By: Staff –
The 12th annual Pitchfork Music Festival, taking place Friday, July 14 through Sunday, July 16 at Chicago’s Union Park, continues to be one of the world’s most welcoming and exciting festivals, consistently dedicated to striking a balance between discovery and celebration.
Need help creating your perfect Pitchfork 2017 schedule? Check out our picks below for the five artists you need to check out at this year’s festival!
Tickets are now available here
A Tribe Called Quest
Without question the most intelligent, artistic rap group during the 1990s, A Tribe Called Quest jump-started and perfected the hip-hop alternative to hardcore and gangsta rap. In essence, they abandoned the macho posturing rap music had been constructed upon, and focused instead on abstract philosophy and message tracks. The “sucka MC” theme had never been completely ignored in hip-hop, but Tribe confronted numerous black issues — date rape, use of the word nigger, the trials and tribulations of the rap industry — all of which overpowered the occasional game of the dozens.
Sadly, Tribe co-founder Phife — suffering from diabetes for many years and the recipient of a liver transplant — died in March of 2016 at the age of 45. Later that year, Q-Tip announced that the group had finished a new album. The night of their Tonight Show appearance, the original four members of the group had decided to put aside their differences and start recording again. Sessions were held in Q-Tip’s well-appointed home studio, and the group welcomed guests like Busta Rhymes, Elton John, Kendrick Lamar, and André 3000 to contribute. Though Phife passed before the album was finished, Q-Tip was able to power through and complete it. The group released We Got It from Here… Thank You 4 Your Service in late 2016, topping the American charts and earning the group attention from a new generation of fans.
If you want to know what classic hip-hop sounds like, don’t miss A Tribe Called Quest at Pitchfork 2017!
Former Sonic Youth frontman Thurston Moore is back with his new solo album, Rock n Roll Consciousness (out April 28th).
Rock n Roll Consciousness is a new and exhilarating chapter for Thurston Moore and promises to be a creative highpoint for anyone interested in his legacy of avant-garde music and writing. Serious, precocious yet strangely accessible, Rock n Roll Consciousness is as strong a statement as anything he has recorded these last three decades: from Sonic Youth, the band he founded in 1980, to his solo work ranging from 1995’s Psychic Hearts album, to the Beck-produced Demolished Thoughts album of 2011, as well as his myriad collaborations and completely outside-the-margin recordings on a litany of record labels.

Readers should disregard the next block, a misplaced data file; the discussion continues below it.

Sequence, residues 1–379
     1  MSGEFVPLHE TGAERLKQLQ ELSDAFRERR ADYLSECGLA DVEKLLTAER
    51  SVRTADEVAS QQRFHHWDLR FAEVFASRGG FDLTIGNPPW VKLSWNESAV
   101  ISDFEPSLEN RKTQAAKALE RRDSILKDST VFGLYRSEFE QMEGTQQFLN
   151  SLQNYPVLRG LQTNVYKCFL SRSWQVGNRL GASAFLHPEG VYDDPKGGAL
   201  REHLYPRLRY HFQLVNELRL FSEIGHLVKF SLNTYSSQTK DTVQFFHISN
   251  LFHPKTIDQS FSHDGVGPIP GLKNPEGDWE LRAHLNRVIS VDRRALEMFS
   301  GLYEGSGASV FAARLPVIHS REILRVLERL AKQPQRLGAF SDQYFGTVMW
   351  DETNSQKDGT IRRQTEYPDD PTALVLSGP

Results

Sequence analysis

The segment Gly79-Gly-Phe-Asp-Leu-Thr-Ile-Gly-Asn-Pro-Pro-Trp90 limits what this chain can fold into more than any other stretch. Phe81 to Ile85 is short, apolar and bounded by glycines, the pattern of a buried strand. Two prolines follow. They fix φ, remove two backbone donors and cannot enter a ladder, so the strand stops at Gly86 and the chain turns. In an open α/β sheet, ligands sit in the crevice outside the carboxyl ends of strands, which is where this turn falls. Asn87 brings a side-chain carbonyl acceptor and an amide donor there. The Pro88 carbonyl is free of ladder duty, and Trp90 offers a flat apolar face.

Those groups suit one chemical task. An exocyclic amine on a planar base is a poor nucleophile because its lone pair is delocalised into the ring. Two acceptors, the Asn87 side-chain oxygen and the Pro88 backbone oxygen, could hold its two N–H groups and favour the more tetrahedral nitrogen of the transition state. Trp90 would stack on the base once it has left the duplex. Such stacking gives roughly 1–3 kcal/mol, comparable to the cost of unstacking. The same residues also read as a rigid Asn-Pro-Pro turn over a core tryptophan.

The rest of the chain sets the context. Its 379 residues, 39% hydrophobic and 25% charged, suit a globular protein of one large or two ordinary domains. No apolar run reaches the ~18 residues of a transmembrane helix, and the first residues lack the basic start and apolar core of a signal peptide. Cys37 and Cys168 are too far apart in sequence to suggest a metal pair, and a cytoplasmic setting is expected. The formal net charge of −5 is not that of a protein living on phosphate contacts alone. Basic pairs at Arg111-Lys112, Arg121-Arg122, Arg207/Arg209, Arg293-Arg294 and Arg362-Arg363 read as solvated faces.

Known for his iconic guitar playing and songwriting, Moore is bringing his latest guitar-driven epic to Pitchfork 2017, which you won’t want to miss.
LCD Soundsystem is the musical project of producer James Murphy, co-founder of dance-punk label DFA Records. Formed in 2001 in New York City, New York, United States, the music of LCD Soundsystem can also be described as a mix of alternative dance and post punk, along with elements of disco.
Following a four-year hiatus, the band reunited in January 2016, and subsequently played a slew of festival dates, along with recently releasing a pair of new songs titled “American Dream”, and “Call The Police”, both of which can be streamed here, from their upcoming studio album.
Don’t miss them at Pitchfork 2017!
Detroit native and reigning ambassador of psychotropic outsider rap, Danny Brown, returned with his fourth album, Atrocity Exhibition, last September, and hasn’t slowed down since.
The album is a fresh and bold take on Brown‘s ruminations on life and the changes that have occurred -and those that didn’t – following the ups and downs of career success. Atrocity Exhibition makes for a thrilling third installment in the Danny Brown biopic, following the releases of his critically acclaimed and groundbreaking albums XXX and Old, sold out shows around the world including opening for Eminem at Wembley Stadium, and collaborations with an eclectic range of artists such as Ghostface Killah, Purity Ring, Rustie, Charli XCX, E-40,the Avalanches and more.
Brown‘s words can be found further amplified on this album with massive beats and production by frequent collaborator Paul White and additional contributions from Evian Christ, The Alchemist and Black Milk. Featured guest vocals come from label-mate Kelela, Cypress Hill member B-Real, Petite Noir and contributing to perhaps the most standout crew cut from recent memory on the song “Really Doe”, Kendrick Lamar, Ab-Soul and Earl Sweatshirt. Pairing his views on the irreconcilable differences between the future and the realities of the present, Danny Brown‘s Atrocity Exhibition presents a sonic prism, with intricate use of story-telling and wordplay, showcasing his truly unique art form and pushing him past the boundaries of rap.
If you want to know what the future of hip-hop sounds like, don’t miss Danny Brown at Pitchfork 2017!
A singer, songwriter, and producer, Solange Knowles debuted in the early 2000s with pop-oriented contemporary R&B material and grew into one of the more adventurous, expectation-defying artists of the late 2000s and 2010s. The younger sister of Beyoncé Knowles, Solange has quickly forged her own musical identity.
Her newest album, A Seat At The Table, arrived almost four years after the release of her 2012 True EP. Calmly cathartic and considerably at odds with mainstream R&B, the progressive set promoted healing and empowerment in response to racial oppression, and established Solange as one of the leading voices of R&B.